I've been lifting since 6-7 months or so. And yeah my right arm is stronger in general too. For example, when I lift the 25 kg weights to put on machines, I have to predominantly hold them with my right arm. If I predominantly use my left arm, I have slightly more difficulty carrying the weight around.
    Try and use the same weight, for each arm. Don't try and compensate.

    I honestly don't know the best way to progress on pull-ups.

    Deadlifts blew my pull-ups up, as well as losing fat.
    FS/ S/ OHP/ B/ DL
    120/150/70/100/180 =KG

    https://forum.bodybuilding.com/showthread.php?t=173620211&page=138 go here if you want an estimation on your bf%
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    you should probably just start with doing australian pull ups to build the basic strength and form required for pull ups. pull ups is actually a bit more advanced than most people think and if you haven't learned how to even prevent energy leaks to prevent your body from having excess and unwanted movements such as torquing and swinging then you should start looking into it now or when you have time. also most new and even some old gym members that looks like have been working out for 3+ years tends to assume that hunching forward is the way to exercise their back. if that's what you've been doing then you need to learn how to keep your core tight, chest up, and get your shoulders back and down. when pulling yourself up it's like you're trying to get your sternum and the bar to touch with your back arched(but not super excessively arched though). there are also different hand grips styles that you can try to see if it'll help, some people do pull ups with their thumb above the bar, some people wrap their thumb around the bar, and also there's a grip called "pistol grip", it doesn't seem to be very well known but just look it up, try it out, and pick the one that seems to work best for you.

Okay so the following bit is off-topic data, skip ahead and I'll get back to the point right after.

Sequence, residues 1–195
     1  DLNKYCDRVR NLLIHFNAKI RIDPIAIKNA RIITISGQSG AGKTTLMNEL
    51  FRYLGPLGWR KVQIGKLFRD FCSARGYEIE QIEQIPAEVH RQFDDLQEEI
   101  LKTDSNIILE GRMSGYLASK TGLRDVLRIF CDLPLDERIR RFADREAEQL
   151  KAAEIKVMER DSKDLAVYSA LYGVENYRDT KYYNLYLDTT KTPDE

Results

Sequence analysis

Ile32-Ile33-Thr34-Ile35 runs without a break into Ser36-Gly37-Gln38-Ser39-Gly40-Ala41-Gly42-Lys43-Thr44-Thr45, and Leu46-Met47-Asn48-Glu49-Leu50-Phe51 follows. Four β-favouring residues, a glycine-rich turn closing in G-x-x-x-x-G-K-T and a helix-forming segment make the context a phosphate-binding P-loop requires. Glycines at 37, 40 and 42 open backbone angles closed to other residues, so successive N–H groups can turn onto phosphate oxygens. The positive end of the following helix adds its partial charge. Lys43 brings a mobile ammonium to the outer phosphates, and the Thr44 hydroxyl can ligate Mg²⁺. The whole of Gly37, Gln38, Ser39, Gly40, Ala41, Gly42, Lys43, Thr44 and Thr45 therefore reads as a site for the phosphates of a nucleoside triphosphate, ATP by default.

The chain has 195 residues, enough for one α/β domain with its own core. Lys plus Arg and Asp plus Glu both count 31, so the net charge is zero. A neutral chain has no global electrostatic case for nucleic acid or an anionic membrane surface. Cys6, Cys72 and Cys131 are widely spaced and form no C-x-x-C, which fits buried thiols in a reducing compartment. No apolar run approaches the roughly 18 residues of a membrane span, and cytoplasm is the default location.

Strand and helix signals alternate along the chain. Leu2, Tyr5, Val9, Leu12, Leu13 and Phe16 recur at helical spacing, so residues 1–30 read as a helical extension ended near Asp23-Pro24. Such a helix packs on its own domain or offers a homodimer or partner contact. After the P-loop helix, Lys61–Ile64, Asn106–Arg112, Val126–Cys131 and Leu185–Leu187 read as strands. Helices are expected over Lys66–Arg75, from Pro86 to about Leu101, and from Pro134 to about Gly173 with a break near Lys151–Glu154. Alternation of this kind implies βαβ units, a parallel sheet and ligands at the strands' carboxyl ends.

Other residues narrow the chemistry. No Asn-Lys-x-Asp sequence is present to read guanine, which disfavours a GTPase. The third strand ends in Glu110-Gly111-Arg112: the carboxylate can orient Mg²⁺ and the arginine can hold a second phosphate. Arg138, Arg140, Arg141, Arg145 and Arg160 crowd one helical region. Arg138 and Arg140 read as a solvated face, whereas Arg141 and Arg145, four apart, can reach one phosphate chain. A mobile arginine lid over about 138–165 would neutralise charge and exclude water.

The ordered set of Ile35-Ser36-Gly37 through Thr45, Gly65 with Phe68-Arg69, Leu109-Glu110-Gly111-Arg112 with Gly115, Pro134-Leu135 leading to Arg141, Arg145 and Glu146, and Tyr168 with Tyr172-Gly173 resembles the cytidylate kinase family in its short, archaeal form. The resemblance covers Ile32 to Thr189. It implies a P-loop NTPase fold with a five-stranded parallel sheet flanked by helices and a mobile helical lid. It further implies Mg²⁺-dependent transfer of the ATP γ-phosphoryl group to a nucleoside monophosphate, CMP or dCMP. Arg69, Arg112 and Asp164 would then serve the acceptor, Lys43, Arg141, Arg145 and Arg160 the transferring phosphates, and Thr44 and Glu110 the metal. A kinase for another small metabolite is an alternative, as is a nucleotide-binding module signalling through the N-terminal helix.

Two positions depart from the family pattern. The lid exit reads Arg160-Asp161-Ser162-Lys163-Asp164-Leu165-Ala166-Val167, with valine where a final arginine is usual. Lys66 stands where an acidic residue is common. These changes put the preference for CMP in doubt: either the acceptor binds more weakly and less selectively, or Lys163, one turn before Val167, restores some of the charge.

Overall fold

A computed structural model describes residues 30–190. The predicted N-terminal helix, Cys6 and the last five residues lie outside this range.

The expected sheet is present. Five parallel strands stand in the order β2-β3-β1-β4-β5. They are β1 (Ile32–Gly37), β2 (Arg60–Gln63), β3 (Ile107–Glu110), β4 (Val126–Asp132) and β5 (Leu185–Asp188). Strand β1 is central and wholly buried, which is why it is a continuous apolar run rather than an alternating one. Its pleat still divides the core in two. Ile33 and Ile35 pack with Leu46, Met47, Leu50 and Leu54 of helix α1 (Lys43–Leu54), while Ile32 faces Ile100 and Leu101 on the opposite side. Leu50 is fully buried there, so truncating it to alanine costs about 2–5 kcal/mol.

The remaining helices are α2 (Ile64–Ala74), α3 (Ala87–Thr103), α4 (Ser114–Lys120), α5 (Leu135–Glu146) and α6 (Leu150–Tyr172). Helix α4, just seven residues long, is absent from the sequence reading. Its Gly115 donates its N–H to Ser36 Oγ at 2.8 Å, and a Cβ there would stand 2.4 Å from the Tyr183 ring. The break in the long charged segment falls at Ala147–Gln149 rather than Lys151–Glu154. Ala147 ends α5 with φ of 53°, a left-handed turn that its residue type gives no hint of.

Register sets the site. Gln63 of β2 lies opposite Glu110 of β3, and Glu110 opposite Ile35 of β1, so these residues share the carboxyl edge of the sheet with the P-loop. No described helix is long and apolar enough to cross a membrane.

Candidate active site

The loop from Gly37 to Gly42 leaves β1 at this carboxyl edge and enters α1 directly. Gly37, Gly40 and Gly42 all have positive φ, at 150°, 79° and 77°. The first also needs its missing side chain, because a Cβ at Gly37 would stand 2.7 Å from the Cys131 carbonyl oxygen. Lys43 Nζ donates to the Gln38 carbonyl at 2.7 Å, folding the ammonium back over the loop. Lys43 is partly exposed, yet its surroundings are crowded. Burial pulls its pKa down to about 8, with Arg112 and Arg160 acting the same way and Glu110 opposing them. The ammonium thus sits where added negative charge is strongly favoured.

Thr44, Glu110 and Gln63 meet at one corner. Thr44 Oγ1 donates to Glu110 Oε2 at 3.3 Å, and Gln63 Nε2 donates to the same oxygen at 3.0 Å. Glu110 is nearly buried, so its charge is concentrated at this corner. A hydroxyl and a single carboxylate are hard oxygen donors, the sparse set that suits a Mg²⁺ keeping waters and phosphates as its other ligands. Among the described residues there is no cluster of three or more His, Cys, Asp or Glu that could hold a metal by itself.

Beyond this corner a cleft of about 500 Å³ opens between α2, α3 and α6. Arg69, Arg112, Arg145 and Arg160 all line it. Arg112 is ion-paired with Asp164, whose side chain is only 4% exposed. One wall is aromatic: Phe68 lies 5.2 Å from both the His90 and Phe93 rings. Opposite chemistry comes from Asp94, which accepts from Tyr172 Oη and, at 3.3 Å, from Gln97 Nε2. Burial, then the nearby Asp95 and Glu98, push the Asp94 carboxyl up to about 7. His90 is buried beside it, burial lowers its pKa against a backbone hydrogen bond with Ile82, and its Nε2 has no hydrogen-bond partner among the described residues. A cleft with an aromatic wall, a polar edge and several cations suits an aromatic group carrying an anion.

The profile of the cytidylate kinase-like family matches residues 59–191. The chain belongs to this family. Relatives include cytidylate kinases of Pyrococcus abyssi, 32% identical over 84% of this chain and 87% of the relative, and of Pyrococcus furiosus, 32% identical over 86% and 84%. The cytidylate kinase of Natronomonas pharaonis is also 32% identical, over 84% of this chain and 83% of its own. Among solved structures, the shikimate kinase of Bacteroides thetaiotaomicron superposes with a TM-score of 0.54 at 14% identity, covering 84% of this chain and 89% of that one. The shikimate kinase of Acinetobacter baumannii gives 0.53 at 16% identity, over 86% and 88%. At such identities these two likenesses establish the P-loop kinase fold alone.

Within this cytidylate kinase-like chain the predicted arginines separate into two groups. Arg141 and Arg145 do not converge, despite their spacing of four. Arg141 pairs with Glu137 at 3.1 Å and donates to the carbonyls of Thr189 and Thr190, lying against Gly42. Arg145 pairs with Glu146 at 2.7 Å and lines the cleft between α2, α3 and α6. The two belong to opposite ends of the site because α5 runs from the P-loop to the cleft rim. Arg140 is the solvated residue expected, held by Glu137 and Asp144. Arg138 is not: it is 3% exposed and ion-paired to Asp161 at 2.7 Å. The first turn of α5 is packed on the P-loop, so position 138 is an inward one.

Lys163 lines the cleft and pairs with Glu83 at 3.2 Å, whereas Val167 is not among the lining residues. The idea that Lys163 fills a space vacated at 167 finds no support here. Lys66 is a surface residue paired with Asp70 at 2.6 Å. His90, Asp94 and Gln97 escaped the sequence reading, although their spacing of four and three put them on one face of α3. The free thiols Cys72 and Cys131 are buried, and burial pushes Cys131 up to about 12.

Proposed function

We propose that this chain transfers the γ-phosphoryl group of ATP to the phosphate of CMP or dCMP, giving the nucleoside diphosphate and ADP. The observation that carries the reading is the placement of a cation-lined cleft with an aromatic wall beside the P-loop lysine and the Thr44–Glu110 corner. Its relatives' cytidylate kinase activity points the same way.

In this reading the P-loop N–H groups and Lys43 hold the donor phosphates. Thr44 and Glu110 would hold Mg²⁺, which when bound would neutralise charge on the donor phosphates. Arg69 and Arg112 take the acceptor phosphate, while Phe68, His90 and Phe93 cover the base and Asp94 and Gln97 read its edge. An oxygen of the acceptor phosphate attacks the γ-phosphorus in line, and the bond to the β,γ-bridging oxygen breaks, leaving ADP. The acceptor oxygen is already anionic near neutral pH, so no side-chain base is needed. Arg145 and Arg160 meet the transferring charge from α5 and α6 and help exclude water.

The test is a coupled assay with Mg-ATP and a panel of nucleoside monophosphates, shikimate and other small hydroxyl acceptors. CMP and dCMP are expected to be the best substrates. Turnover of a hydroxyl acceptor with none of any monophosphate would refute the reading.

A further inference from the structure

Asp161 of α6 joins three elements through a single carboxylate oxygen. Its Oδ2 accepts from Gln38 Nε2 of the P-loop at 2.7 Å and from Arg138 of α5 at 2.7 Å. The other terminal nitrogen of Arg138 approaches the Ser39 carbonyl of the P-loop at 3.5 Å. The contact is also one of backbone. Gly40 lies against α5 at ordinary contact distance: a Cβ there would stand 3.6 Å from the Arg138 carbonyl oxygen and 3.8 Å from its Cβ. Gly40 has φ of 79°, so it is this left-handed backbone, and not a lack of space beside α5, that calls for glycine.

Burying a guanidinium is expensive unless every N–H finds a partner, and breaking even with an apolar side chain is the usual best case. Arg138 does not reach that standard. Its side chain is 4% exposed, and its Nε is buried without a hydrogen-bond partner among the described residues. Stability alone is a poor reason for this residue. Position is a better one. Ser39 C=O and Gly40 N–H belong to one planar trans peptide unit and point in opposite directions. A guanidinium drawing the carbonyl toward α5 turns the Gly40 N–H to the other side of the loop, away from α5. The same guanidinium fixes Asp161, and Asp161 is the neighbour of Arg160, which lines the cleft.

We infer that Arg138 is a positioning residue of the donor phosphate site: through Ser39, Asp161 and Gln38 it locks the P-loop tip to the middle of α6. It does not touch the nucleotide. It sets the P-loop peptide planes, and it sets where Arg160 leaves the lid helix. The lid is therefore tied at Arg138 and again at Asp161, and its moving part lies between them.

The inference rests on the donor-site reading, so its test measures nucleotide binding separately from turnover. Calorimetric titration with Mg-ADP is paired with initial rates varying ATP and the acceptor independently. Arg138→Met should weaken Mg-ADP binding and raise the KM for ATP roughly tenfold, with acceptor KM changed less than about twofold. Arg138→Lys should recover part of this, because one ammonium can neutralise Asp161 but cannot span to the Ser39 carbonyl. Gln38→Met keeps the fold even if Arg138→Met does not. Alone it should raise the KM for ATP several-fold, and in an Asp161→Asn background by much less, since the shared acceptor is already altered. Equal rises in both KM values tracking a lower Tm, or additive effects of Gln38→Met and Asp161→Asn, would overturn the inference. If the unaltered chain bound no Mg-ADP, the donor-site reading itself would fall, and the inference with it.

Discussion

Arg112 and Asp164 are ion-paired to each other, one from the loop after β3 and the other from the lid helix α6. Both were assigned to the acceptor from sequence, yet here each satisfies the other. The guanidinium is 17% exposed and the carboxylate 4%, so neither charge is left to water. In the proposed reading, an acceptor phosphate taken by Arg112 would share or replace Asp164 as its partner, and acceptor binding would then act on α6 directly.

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  7. #7
    Registered User sphyrch's Avatar
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    Originally Posted by blazy4lyfe View Post
    you should probably just start with doing australian pull ups to build the basic strength and form required for pull ups. pull ups is actually a bit more advanced than most people think and if you haven't learned how to even prevent energy leaks to prevent your body from having excess and unwanted movements such as torquing and swinging then you should start looking into it now or when you have time. also most new and even some old gym members that looks like have been working out for 3+ years tends to assume that hunching forward is the way to exercise their back. if that's what you've been doing then you need to learn how to keep your core tight, chest up, and get your shoulders back and down. when pulling yourself up it's like you're trying to get your sternum and the bar to touch with your back arched(but not super excessively arched though). there are also different hand grips styles that you can try to see if it'll help, some people do pull ups with their thumb above the bar, some people wrap their thumb around the bar, and also there's a grip called "pistol grip", it doesn't seem to be very well known but just look it up, try it out, and pick the one that seems to work best for you.
    Thanks for the advice! And you're right about the swinging bit. I tend to do that a lot - swing forward and back while doing pull ups.